Night's Black Agents would use the island's dangerous reputation as an excuse to keep people away, so experiments could go on without restriction. Or perhaps there are old wartime secrets hidden here that the outside world has long forgotten. If nothing else, an amphibious night raid on Battleship Island has an allure all its own!

The Plain of Jars, Laos This megalithic site has a history that stretches back to the Iron Age. Almost certainly originally intended as a burial site, these sandstone containers cluster all over the upland valleys and lower foothills of the central plain of the Xiangkhoang Plateau. Grave goods, statues of the Bhudda, burnt bones, ash and beads have been found in these Jars, and there are at least 90 sites where they can be found, each site containing between one and 400 Jars.

During the Secret War in the 1960s American bombers dropped thousands upon thousands of antipersonnel mines on the Plain to hinder North Vietnamese and Pathet Lao, and tens of thousands remain today, a hazard to anyone who wants to explore the site. Sightseeing can only take place over carefully marked paths; stepping away from the cleared zone could get you killed.

As to why the Nights Black Agents might want to go there: China or one of the other actors in the area may have been running a Jin-Gui operation in the Plain, which the bombing did its best to eradicate. Whether it was successful is something else again. Perhaps some of the jars were used to create Jin-Gui, by filling the jars with infected Telluric soil and using them to incubate new Jin-Gui.

Alternatively the NVA or Pathet Lao may have been running an anti-vampire operation of their own, and hid important data (or an item) in one or more of the Jars. Naturally the Jars in question are in the danger zones, and can only be reached by somehow bypassing or defusing a number of antipersonnel mines.

In Trail, the protagonists could be archaeologists. There was a significant exploration of the site in the 1930s; Madeline Colani literally wrote the book about the Plain. Perhaps the characters assist her, and discover something out there too horrifying to report. Do the Jars represent portals to another plane of existence? Will carrying out a cremation there call down entities, like Fire Vampires or Byakhee, which according to rituals long forgotten carry the souls of the devout to their reward?

Esoterrorists could use the Jars for all kinds of rituals. With all the gloom and death surrounding the site - never mind the explosives - there's plenty of Membrane-weakening influences to draw on.

Reception House, Kingstead Cemetery  This one's based on a recent Guardian article about a Grade II listed building at Margravine, Hammersmith. Kingstead is fictional, and features in the Dracula Dossier.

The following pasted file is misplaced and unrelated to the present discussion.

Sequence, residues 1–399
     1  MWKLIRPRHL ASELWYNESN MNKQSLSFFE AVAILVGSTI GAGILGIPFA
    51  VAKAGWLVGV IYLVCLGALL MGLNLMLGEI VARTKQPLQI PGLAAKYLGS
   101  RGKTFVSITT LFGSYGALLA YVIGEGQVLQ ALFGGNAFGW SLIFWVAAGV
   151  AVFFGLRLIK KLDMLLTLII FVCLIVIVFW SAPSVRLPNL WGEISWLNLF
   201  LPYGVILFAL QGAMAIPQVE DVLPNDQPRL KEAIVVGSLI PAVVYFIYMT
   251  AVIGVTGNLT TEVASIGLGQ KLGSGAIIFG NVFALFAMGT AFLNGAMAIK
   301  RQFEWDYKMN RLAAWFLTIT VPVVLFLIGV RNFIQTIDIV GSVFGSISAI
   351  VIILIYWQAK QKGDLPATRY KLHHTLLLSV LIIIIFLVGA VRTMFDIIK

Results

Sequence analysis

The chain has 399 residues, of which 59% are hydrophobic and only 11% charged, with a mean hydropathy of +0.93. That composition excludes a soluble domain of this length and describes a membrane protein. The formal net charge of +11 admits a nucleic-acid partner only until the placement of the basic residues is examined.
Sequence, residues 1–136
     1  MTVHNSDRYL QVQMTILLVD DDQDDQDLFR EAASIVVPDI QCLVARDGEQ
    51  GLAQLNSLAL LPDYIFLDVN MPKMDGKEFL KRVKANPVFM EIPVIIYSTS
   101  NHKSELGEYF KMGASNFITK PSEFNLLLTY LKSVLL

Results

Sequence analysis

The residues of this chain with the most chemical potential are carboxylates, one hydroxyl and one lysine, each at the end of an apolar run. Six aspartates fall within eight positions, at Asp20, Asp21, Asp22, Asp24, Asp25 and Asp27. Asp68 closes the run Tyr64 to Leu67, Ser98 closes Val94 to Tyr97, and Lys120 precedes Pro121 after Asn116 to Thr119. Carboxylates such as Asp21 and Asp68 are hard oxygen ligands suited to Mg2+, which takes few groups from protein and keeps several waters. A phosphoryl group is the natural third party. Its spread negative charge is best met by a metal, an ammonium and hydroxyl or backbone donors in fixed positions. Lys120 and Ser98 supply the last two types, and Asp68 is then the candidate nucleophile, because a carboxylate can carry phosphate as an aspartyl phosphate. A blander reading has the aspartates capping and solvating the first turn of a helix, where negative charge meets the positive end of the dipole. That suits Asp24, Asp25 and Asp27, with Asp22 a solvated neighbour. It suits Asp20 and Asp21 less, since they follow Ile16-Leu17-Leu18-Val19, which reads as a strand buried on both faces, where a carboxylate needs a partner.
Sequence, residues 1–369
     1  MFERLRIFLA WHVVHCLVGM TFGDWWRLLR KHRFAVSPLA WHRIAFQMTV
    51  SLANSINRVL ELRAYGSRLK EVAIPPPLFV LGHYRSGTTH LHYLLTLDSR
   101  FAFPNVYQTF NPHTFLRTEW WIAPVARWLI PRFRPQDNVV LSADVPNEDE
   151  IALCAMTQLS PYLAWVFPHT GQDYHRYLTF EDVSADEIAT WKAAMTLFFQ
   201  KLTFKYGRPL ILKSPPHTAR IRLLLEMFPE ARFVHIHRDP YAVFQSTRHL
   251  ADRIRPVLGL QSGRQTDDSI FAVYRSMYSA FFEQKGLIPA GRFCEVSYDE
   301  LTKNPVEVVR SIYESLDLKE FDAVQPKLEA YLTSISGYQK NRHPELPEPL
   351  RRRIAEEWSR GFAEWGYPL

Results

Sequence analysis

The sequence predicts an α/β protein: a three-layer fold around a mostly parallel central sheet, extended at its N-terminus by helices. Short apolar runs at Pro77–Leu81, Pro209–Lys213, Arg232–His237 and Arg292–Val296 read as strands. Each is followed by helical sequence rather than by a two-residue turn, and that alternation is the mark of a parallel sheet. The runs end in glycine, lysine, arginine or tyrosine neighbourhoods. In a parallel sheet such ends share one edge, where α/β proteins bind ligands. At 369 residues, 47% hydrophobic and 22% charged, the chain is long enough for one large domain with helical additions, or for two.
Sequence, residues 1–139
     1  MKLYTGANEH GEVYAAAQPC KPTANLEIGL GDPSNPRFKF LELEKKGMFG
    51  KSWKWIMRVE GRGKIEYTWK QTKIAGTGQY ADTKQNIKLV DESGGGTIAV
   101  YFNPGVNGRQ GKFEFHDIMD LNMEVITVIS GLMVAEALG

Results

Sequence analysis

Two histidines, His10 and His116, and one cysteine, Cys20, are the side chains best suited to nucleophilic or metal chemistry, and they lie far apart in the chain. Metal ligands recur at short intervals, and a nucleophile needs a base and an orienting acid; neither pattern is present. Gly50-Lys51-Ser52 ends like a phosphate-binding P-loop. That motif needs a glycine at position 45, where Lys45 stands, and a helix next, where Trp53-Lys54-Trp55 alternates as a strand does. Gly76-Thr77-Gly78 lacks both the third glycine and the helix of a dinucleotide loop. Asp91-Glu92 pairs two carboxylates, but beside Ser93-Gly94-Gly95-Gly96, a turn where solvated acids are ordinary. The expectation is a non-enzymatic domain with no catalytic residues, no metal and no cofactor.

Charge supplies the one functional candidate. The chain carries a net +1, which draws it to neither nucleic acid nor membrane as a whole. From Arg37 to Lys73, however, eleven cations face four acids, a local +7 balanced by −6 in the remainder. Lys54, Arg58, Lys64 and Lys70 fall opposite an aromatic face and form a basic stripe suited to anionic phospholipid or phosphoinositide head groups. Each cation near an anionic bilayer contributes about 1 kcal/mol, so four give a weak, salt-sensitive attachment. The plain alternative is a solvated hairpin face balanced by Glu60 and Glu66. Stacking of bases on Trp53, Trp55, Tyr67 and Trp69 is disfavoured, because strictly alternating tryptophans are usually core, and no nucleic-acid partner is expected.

'Wretched as these people were,' says a contemporary chronicler (taken from Liza Picard), 'They would struggle to bury the dead without any assistance from the parish, for there is nothing the poor have a horror of as a pauper's funeral.' A funeral for an adult could cost as much as four pounds, an enormous sum for a working man never mind someone who hadn't worked in years. The problem was the body was often kept in the home for viewing, and stayed there until the family could afford internment. Often this might be a week or more. The natural process of decay meant this was untenable, so charitable institutions and workhouse medical staff began looking for a solution.

This small reception house is a stopgap. This octagon building with its slatted ventilation panels in the roof and trestles for the caskets could accommodate perhaps ten to fifteen coffins at a time, assuming it was packed full. People soon realized the reception house was too small, so larger mortuaries were built and the reception houses became obsolete.

The example at Kingstead dates to 1848, and is a fine example of mid-Victorian craftsmanship. Documentation kept at the church indicates that it was funded by a Doctor Kilpatrick, who at the time it was built was 35 years old; in 1894 he was a still-vigorous octogenarian, and involved tangentially in the Hampstead Horror. He was one of the first to bring the peculiar behavior of the children to the attention of the authorities and press, and led the search for the wayward children the first two nights. However he died of a heart attack the next day, and was buried in Kingstead.

In the world of the Dracula Dossier the Reception House can be many things: the  lair of a wayward SBA - the child, for example - a safe house used by Dracula's people, a dead drop used by Edom, perhaps even some kind of storage spot for items left behind by the Mysterious Monsignor or some similar shady character with a religious or mystic bent. If there's a Cult of Dracula, this could be one of their disguised temples. If Cool, then it was used by one of these agencies once upon a time, and perhaps it still holds significance for survivors of the 1970s mole hunt. There may even be a cache of something valuable in its dusty vault. On the other hand it could be Warm, and in that case probably still has an occupant of some kind. If a vampire, remember those ventilation ports in the roof; that could really frustrate would-be hunters, as their quarry turns to mist and vanishes through the vents.

Last but not least:

Kolmanskop  An abandoned German mining town in Namibia, left to the sands and its ghosts. Until 1954 it was still a working claim, complete with every possible luxury from a theatre and power station to a casino and skittles alley, not forgetting the all-important ice house. However its heyday was pre-Great War, when Namibia was still German; after the War de Beers staked its claim, and even today the diamond consortium keeps a museum at the Kolmanskop site. The town isn't the only ghost town in Namibia, but it is very photogenic and has appeared in television shows, movies and many haunting photographs.